In the new data model, the main string is in plain text, and the URL links (or other types of markup) are separate, with the character location of the markup on the original string indicated by start and length values. For example:

{
    "String": "Flipo RM: [Are the NSAIDs able to compromising the cardio-preventive efficacy of aspirin?]. Presse Med. 2006 Sep;35(9 Spec No 1):1S53-60. [PMID: 17078596]",
    "Markup": [
        {
            "Start": 139,
            "Length": 14,
            "URL": "https://www.ncbi.nlm.nih.gov/pubmed/17078596",
            "Type": "General link"
        },
        {
            "Start": 81,
            "Length": 7,
            "URL": "https://pubchem.ncbi.nlm.nih.gov/compound/aspirin",
            "Type": "PubChem Internal Link",
            "Extra": "CID-2244"
        }
    ]
}

This new format will make it easier for parsers to get at the relevant text data without a lot of programming overhead.  Please note that this removal of embedded HTML also includes escaped entities in HTML. These will instead be represented by a single UTF8 character (for example, “&deg;” à “°”) within the base string.

 

All values are lists.

In the new PubChem data model, all values are being converted to list types. We’ve done this to avoid the cumbersome necessity for data parsers to have to check separate fields for single values vs. lists. We’ll use JSON format for the following examples, but the XML data model is parallel to the JSON. Here are two examples of the old format:

{
    "ReferenceNumber": 19,
    "Name": "Melting Point",
    "Reference": [
        "PhysProp"
    ],
    "NumValue": 135,
    "ValueUnit": "°C"
}

or

"Information": [
    {
        "ReferenceNumber": 135,
        "Name": "Standard non-polar",
        "NumValueList": [
            1270,
            1315,
            1309,
            1309
        ]
    }
]

In the examples above, note the fields “NumValue” vs. “NumValueList” – this is cumbersome to code against. In the new system, the examples above would look like this, “Number” being used in both cases within a list structure:

{
    "ReferenceNumber": 35,
    "Name": "Melting Point",
    "Reference": [
        "PhysProp"
    ],
    "Value": {
        "Number": [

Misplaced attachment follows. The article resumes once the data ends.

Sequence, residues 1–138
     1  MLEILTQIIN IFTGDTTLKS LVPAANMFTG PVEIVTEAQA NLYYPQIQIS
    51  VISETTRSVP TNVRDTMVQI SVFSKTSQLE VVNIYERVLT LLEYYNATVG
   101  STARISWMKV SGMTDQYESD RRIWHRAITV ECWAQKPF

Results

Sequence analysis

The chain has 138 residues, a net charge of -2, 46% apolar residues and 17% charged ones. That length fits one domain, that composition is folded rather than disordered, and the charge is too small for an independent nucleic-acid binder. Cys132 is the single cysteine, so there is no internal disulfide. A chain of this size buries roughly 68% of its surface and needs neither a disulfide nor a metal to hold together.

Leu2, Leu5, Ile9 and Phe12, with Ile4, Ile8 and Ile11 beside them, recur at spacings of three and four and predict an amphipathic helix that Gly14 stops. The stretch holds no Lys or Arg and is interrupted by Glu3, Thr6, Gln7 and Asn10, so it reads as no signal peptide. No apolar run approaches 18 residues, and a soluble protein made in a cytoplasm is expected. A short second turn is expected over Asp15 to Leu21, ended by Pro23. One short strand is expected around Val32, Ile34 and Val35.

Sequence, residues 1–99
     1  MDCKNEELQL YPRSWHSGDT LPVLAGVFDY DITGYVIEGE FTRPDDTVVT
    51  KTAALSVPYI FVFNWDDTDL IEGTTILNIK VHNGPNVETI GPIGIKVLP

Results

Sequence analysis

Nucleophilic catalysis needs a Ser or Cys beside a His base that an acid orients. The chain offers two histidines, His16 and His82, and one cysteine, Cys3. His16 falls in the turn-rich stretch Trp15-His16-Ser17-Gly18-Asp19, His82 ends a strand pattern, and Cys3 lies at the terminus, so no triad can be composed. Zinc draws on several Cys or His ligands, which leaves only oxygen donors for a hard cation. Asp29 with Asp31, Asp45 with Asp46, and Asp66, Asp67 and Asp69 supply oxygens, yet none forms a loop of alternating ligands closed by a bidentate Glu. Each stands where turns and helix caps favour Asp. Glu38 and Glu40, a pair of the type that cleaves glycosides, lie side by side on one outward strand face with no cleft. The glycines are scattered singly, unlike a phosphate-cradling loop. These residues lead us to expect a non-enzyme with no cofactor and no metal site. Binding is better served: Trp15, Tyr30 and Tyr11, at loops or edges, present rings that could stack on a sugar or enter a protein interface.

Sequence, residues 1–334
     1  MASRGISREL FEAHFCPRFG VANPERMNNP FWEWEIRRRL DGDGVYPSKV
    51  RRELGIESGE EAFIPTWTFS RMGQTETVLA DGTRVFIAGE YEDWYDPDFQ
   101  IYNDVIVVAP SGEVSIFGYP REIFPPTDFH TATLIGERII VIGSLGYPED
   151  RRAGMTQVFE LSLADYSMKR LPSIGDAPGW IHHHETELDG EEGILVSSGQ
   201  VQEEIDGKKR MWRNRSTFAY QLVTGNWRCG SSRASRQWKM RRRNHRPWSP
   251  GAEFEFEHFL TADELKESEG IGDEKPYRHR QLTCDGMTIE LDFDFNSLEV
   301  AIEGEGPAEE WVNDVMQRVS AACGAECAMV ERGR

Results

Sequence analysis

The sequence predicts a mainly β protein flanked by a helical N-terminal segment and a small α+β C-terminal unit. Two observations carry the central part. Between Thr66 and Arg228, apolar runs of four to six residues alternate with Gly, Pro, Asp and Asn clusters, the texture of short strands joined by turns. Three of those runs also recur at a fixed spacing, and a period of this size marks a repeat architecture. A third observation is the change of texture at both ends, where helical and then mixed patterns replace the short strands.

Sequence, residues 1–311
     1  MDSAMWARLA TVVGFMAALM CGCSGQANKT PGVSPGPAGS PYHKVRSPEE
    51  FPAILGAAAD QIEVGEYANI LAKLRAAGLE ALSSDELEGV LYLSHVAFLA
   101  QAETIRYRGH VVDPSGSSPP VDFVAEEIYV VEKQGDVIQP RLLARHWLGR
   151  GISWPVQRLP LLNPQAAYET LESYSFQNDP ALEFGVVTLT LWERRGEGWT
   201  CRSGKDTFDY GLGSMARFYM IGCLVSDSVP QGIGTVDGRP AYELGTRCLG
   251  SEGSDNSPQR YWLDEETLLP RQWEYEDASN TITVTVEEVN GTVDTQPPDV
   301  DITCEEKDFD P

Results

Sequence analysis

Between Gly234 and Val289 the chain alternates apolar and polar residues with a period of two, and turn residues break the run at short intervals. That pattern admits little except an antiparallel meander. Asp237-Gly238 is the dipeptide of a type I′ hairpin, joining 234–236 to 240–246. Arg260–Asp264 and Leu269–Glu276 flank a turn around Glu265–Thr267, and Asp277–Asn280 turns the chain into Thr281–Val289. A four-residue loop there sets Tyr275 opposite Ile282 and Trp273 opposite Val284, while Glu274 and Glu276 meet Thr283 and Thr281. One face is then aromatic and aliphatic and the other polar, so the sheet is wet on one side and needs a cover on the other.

135
        ],
    "Unit": "°C"
    }
}

or,

"Information": [
    {
        "ReferenceNumber": 75,
        "Name": "Standard non-polar",
        "Value": {
            "Number": [
                1270,
                1315,
                1309,
                1309
            ]
        }
    }
]

These changes will make it easier to code your data parsers.

 

No more embedded tables in the data blobs.

The use of embedded tables in the old system made it difficult for programmatic users to extract specific fields from within the table. The format required you to dig down into the rows and cells of the table to try and find the needed value. For example:

"Information": [
    {
        "ReferenceNumber": 182,
        "Name": "Computed Properties",
        "Table": {
            "ColumnName": [
                "Property Name",
                "Property Value"
            ],
            "Row": [
                {
                    "Cell": [
                        {
                            "StringValue": "Molecular Weight"
                        },
                        {
                            "NumValue": 180.159,
                            "ValueUnit": "g/mol"
                        }
                    ]
                }, …

In the new data below, the fields are more explicitly labeled with section names, the same way as other (non-table) values in the data:

{
    "TOCHeading": "Molecular Weight",
    "Description": "Molecular weight or molecular mass refers to the mass of a molecule. It is calculated as the sum of the mass of each constituent atom multiplied by the number of atoms of that element in the molecular formula.",
    "Information": [
        {
            "ReferenceNumber": 120,
            "Name": "Molecular Weight",
            "Value": {
                "Number": [
                    180.159
                ],
                "Unit": "g/mol"
            }
        }
    ]
}

These changes will make it easier to retrieve data from tables without a lot of programming overhead.